Printer Friendly

Genotyping for Blast (Pyricularia oryzae) Resistance Genes in [F.sub.2] Population of Supa Aromatic Rice (Oryza sativa L.).

1. Introduction

Rice (Oryza sativa) is a staple food worldwide for more than half of the world population [1]. Consumers prefer rice varieties with good grain quality like aroma, long grain, and amylase content. The aromatic trait enhances the market value of rice [2]. Nonaromatic rice has badh2 gene in chromosome 8 encoding for betaine aldehyde dehydrogenase enzyme with 503 amino acids while in the aromatic one, the number of encoded amino acids is 251. The badh2 gene produces GABA, a four-carbon nonprotein amino acid acting as a natural pesticide playing several roles including detoxification of free radicals, plant development, and plant defense [3]. The aromatic trait is coded by the mutant form of badh2 gene with 8 bp deletion in exon 7 of the badh2 gene, encoding a chemical compound 2-acetyl-1-pyrroline (2AP) [4-6]. The presence of the badh2 mutant gene encoding for the pleasant aroma by producing 2-acetyl-1-pyrroline was established by Nadaf et al. [3] to be associated with some weakness like yield losses, sterility, and susceptibility to abiotic and biotic stresses including blast disease. The mutant form of the badh2 gene has been associated with plant susceptibility to diseases as it suppresses the expression of the badh2 gene [3]. Blast disease which is known to occur in 85 countries worldwide [7, 8] is manifested in temperate and humid regions as the main cause of reduction of rice production [9, 10]. The blast disease can cause high yield loss of 10 to 85% when factors or enhancers of epidemic development (high mean temperature, relative humidity higher than 85-89%, the presence of dew, excessive nitrogen fertilization, and drought stress) are present [11].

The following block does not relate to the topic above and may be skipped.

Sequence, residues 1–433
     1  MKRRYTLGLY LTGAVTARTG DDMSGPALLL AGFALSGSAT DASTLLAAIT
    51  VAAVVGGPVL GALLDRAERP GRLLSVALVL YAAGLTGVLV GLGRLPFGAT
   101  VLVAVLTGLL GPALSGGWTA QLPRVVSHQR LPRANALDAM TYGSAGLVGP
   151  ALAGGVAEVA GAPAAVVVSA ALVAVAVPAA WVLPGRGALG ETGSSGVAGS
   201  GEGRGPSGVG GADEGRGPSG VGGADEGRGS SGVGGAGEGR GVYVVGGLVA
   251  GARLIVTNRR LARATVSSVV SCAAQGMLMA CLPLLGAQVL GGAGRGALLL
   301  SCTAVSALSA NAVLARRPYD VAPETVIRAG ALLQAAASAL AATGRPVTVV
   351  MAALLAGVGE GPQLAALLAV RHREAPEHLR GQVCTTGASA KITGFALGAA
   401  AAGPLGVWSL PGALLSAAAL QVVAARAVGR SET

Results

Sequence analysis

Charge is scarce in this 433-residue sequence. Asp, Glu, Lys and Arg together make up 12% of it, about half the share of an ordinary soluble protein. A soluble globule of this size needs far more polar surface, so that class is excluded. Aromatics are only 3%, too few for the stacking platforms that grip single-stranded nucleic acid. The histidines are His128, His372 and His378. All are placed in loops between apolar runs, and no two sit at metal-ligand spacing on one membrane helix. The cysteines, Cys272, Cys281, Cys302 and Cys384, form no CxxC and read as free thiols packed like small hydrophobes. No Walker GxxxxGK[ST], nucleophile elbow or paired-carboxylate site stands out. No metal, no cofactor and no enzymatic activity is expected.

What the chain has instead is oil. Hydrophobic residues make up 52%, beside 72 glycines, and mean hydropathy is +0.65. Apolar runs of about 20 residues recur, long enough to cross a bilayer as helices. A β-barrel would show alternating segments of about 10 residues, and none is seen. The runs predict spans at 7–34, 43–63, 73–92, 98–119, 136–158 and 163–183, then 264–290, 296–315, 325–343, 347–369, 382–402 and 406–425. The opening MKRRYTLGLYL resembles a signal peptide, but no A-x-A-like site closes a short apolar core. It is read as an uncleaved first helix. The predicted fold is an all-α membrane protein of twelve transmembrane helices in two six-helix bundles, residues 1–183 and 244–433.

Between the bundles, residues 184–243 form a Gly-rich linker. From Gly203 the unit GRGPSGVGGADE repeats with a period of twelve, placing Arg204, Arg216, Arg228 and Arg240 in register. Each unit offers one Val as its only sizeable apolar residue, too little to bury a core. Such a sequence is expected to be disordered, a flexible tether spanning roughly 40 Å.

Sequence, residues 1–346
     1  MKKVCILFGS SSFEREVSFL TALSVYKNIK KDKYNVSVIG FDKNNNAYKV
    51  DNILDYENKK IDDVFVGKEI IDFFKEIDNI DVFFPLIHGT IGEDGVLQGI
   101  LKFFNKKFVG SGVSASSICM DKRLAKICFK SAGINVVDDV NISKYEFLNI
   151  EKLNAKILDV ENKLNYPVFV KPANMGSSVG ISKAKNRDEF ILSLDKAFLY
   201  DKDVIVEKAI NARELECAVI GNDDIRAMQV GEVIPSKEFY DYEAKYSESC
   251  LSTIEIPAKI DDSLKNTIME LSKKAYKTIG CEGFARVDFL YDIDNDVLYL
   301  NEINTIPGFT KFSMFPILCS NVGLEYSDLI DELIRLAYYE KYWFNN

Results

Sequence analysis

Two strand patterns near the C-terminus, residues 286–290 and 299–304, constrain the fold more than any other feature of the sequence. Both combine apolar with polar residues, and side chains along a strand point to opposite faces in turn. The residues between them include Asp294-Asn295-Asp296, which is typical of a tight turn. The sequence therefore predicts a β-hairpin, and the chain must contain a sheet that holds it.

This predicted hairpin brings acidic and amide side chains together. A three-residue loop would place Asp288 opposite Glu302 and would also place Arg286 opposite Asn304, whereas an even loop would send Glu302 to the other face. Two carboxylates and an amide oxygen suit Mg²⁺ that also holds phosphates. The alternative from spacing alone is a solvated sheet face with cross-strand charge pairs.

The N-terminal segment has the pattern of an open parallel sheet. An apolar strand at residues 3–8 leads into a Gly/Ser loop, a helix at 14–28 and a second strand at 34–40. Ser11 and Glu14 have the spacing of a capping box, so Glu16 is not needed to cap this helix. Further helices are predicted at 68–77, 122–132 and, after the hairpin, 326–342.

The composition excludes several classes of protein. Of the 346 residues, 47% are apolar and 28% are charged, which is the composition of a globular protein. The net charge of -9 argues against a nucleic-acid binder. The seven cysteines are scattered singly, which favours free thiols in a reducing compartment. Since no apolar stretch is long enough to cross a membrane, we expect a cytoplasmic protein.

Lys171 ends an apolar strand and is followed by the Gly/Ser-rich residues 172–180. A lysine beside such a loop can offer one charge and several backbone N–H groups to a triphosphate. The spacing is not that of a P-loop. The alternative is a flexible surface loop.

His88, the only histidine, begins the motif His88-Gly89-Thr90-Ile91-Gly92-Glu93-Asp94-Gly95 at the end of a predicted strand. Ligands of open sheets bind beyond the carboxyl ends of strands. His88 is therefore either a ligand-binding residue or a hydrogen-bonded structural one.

Methods used in controlling blast disease include adjustment of planting time, burning diseased tissues, use of healthy seeds, and cultural systems like fungicide and fertilizer management without ignoring the use of resistant plant varieties bearing genes for blast resistance [12, 13]. Molecular screening of major rice blast resistance genes has been determined using molecular markers, which showed close-set linkage to 11 major rice blast resistance genes (Pi-d2, Pi-z, Piz-t, Pi-9, Pi-36, Pi-37, Pi5, Pi-b, Pik-p, Pik-h, and Pi-ta2), in a collection of 32 accessions resistant to Magnaporthe oryzae [13]. Out of the 32 accessions, the Pi-d2 and Pi-z appeared to be omnipresent and gave positive expression. The analysis of QTLs links genetic markers with DNA base variations, like single-nucleotide polymorphisms (SNPs) and simple sequence repeats (SSRs) or microsatellite to the QTLs of interest [14]. The most popular markers used in QTL analysis are SSRs, also known as microsatellites. However, SSR markers have been replaced by SNPs as molecular markers of choice in plant genetic analysis due to their codominant inheritance, their biallelic nature, chromosome-specific location, and genome-wide distribution [15]. The objective of this study was to assess the presence of R genes (Pita and Pi9) for blast resistance and the badh2 gene for aroma in the [F.sub.2] generation using rice genotyping methods. In this study, markers (SNP and InDels) linked to the Pita and Pi9 genes conferring blast resistance and the badh2 gene for aroma inherited in the improved parent (Supa aromatic 234) were genotyped using the KASP method in 103 [F.sub.2] plants which had been phenotypically screened for blast resistance.